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This question directly relates to my Previous Question.

I have a need to create a TClientDataSet on a client from an Oracle 11g cursor contained in a package. I am using Delphi XE2 and DBExpress to connect to the DB and DataSnap to send the data back to the client.

When I configure the TSQLStoredProc to the TClientDataset at design time I can return the cursor as a TClientDataset with no problem and get expected results.

When I try to execute the Stored Procedure at runtime it returns an empty TClientDataset.

Is it possible to configure and execute an Oracle 11g Stored Procedure using TSQLStoredProc at runtime?

DataSnap Server

Design time Data Module code [View as Text]

    object StrProc1: TSQLStoredProc
    SchemaName = 'xxxx'
    MaxBlobSize = -1
    Params = <
      item
        DataType = ftWideString
        Precision = 2000
        Name = 'ABBR'
        ParamType = ptInput
        Value = 'ZZZTOP' 
      end
      item
        DataType = ftCursor
        Precision = 8000
        Name = 'RES'
        ParamType = ptOutput
        Size = 8000
      end>
    PackageName = 'KP_DATASNAPTEST'
    SQLConnection = SQLConnection1
    StoredProcName = 'GETFAXDATA'
    Left = 408
    Top = 72
  end
  object DataSetProvider1: TDataSetProvider
    DataSet = StrProc1
    Left = 408
    Top = 120
  end
  object ClientDataSet1: TClientDataSet
    Aggregates = <>
    Params = <>
    ProviderName = 'DataSetProvider1'
    Left = 408
    Top = 176
  end

function to execute Design Time config

function TKPSnapMethods.getCDS_Data3: OLEVariant;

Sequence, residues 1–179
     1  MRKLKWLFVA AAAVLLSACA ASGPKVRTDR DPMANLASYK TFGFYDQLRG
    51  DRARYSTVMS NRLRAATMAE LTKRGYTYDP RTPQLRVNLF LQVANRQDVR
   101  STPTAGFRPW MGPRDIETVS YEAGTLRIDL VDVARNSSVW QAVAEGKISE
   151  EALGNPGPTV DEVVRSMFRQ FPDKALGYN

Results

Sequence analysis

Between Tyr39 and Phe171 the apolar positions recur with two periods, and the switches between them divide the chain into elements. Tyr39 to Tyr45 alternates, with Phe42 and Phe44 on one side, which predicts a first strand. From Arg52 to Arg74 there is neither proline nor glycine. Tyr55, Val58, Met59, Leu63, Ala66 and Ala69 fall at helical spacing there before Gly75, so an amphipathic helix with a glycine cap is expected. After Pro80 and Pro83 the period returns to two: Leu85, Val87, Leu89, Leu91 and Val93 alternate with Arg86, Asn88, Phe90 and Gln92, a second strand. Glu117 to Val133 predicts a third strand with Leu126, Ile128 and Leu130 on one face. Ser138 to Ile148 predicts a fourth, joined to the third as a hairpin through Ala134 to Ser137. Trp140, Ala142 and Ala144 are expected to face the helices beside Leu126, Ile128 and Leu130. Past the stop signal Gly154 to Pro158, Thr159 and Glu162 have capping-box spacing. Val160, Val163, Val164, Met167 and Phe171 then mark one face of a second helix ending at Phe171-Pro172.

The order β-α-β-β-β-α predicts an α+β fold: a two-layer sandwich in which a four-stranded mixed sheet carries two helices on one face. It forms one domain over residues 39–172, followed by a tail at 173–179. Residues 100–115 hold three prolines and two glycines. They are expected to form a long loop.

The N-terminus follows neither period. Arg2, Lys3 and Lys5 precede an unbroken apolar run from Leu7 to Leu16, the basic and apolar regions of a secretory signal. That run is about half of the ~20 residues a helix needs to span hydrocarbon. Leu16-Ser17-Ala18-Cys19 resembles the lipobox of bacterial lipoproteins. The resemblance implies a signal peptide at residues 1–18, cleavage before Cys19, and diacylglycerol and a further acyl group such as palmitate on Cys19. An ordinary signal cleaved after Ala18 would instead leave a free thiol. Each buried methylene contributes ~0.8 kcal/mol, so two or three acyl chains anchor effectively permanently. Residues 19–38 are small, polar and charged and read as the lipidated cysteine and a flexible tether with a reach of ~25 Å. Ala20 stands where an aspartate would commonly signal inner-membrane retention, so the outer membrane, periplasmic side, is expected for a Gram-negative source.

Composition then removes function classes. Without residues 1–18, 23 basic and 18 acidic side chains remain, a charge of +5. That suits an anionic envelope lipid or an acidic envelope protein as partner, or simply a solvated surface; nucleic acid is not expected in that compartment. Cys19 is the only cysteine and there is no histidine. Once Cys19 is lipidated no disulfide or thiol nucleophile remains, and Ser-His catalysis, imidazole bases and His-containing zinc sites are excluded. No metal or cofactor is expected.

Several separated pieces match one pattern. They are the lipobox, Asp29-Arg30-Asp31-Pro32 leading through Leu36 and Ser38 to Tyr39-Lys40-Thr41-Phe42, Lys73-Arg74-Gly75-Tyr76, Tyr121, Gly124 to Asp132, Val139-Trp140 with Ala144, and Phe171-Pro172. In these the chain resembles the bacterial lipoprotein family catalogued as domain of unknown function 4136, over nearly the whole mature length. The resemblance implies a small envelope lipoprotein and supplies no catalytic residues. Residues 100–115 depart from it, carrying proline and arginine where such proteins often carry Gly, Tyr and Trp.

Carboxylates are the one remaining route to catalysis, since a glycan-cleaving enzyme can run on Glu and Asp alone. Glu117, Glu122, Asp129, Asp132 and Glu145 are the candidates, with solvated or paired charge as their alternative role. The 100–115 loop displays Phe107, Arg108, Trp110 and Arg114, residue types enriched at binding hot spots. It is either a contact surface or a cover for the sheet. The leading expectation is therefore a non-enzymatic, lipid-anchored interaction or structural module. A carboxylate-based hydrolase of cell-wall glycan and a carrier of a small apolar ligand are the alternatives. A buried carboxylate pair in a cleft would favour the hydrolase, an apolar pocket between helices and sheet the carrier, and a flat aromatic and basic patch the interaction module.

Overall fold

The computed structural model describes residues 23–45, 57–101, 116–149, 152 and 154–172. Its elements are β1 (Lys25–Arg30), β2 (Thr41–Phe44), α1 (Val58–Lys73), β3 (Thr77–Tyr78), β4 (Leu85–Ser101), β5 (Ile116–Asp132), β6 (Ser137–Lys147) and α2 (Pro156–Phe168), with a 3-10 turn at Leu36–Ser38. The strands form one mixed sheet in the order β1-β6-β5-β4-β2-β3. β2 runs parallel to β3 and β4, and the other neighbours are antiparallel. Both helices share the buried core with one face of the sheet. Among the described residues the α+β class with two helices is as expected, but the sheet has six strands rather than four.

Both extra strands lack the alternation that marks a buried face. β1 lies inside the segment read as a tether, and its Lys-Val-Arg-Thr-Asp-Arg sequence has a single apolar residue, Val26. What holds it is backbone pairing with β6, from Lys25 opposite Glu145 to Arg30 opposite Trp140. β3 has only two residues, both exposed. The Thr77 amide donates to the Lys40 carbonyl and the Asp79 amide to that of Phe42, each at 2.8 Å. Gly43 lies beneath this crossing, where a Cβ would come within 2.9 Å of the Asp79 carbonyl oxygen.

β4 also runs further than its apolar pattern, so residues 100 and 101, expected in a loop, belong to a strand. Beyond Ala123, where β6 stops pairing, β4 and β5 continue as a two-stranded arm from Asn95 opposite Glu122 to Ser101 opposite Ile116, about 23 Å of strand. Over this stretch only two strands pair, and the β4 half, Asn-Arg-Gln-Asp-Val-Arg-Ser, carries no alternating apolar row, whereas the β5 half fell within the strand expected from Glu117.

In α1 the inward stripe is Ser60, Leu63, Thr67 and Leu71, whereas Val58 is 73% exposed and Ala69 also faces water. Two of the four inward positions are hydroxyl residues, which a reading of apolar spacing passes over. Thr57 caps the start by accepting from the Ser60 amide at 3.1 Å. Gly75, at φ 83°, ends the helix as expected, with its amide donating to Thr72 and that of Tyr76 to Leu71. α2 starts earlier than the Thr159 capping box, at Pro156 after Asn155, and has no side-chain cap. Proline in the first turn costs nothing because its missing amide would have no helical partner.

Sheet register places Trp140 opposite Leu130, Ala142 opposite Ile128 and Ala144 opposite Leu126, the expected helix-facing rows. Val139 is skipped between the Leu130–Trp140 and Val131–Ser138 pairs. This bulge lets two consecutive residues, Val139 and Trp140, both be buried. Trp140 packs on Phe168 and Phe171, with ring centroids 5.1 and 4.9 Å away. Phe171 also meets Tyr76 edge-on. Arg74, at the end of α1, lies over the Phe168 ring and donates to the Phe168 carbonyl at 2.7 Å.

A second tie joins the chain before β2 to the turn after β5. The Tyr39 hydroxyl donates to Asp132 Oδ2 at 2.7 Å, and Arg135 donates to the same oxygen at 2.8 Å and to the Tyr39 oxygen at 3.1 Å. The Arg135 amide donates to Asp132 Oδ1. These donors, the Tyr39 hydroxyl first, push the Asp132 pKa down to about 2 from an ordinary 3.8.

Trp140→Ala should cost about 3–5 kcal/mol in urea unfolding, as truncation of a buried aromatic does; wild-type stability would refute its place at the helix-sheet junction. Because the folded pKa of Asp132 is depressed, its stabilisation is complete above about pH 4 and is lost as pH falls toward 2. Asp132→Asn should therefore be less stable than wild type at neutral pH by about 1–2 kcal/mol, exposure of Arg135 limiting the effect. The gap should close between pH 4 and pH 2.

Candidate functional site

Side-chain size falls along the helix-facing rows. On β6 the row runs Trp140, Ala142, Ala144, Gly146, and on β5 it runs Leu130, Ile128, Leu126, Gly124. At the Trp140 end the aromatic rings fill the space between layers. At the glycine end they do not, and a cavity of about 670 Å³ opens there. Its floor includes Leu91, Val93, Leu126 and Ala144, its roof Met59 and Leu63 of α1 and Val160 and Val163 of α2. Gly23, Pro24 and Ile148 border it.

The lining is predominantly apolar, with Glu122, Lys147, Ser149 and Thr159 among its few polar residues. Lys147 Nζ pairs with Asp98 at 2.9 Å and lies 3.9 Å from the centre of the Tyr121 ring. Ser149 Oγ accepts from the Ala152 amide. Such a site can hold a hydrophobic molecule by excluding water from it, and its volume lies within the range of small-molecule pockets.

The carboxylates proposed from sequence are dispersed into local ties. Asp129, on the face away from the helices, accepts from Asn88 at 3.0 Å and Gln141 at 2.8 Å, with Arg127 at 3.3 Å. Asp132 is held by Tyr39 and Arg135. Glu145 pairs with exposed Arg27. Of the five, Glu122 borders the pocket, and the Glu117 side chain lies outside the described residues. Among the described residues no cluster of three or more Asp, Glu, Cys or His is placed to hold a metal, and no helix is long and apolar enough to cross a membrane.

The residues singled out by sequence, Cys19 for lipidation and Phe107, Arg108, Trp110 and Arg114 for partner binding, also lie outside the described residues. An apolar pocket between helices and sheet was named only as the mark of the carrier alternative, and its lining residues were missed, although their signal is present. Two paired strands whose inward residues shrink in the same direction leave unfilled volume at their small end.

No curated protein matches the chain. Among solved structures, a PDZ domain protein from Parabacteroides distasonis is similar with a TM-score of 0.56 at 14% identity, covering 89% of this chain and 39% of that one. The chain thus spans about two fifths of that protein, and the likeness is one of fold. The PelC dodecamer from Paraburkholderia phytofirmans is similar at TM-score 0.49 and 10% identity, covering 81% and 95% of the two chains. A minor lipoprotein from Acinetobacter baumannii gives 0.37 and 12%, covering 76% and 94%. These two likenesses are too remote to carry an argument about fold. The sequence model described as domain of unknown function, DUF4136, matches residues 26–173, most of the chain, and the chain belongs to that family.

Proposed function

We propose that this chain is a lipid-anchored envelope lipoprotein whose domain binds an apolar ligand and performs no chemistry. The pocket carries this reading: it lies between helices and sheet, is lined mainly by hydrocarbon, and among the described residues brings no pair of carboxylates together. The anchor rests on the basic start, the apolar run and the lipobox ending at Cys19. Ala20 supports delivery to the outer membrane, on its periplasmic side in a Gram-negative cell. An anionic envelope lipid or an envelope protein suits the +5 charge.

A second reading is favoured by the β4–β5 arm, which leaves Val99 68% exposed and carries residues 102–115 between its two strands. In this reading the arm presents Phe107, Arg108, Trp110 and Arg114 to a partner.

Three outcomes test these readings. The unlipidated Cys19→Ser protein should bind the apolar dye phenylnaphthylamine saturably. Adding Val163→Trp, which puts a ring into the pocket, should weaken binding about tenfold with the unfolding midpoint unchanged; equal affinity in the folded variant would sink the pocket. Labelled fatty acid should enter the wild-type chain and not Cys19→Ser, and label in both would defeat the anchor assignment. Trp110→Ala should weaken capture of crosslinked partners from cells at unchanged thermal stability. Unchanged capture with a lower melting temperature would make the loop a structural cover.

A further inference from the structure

begin    
 self.ClientDataSet1.Open;
 result:= self.ClientDataSet1.Data;
 self.SQLConnection1.Close;
end;

function to execute Runtime configuration This is the code that returns an empty ClientDataSet. The objective is to connect the pieces, set the value of the parameter, open the CDS and return the CDS.Data

function TKPSnapMethods.getCDS_Data2(schema: String): OleVariant;
var
  cds: TClientDataSet;
  dsp: TDataSetProvider;
  strProc: TSQLStoredProc;
  ProcParams: TList;
begin
  strProc := TSQLStoredProc.Create(self);
  try
    strProc.SQLConnection:= SQLCon;//<--A TSQLConnection    
    dsp := TDataSetProvider.Create(self);
    try
      dsp.DataSet := strProc;

      cds := TClientDataSet.Create(self);
      try
        cds.DisableStringTrim := True;
        cds.ReadOnly := True;
        cds.SetProvider(dsp);

        ProcParams:= TList.Create;    
        try
          //Load Stored Procedure Parameters
          SQLCon.GetProcedureParams('GETFAXDATA','KP_DATASNAPTEST',Schema,ProcParams);
          LoadParamListItems(StrProc.Params,ProcParams);

          strProc.ParamByName('ABBR').AsString := 'ZZZTOP';//<--Assign Parms
          strProc.MaxBlobSize := -1;
          strProc.SchemaName:= Schema;
          strproc.PackageName:='KP_DATASNAPTEST';
          strProc.StoredProcName:= 'GETFAXDATA';
          cds.Open;
          Result := cds.Data;
        finally
          FreeProcParams(ProcParams);
        end;
      finally
        FreeAndNil(cds);
      end;
    finally
      FreeAndNil(dsp);
    end;
  finally
    FreeAndNil(strProc);
    self.SQLCon.Close;
  end;
end;

Client Code this is just a test form that creates a connection to the DataSnap Server executes the ServerMethods and displays the results in a string grid.

procedure TForm1.Button1Click(Sender: TObject);
var
 proxy:TKpSnapMethodsClient;
 cds :TClientDataSet;
 field: TField;
 r,c:integer;
begin
  r:=0;
  c:=0;
  SQLConTCPSERV.Connected := True; //TSQLConnection
  proxy:= TKPSnapMethodsClient.Create(SQLConTCPSERV.DBXConnection,false);
  cds:= TClientDataSet.Create(nil);
  try
    //cds.Data:= proxy.getCDS_Data2('TESTTH');//<--Runtime function
    cds.Data:= proxy.getCDS_Data3; //<--Design time function
    if cds <> nil then
    begin
      cds.Open;
      cds.First;
      //String grid to display CDS contents.
      strGrid1.ColCount:= cds.FieldCount; //returns correct #
      strGrid1.RowCount:= cds.RecordCount;

      while not cds.Eof do  //<--runtime wont make it past here
      begin
        for field in cds.fields do //loop fields
        begin
          strgrid1.Cells[c,r]:= field.Text; //display results.
          c:=c+1;
        end;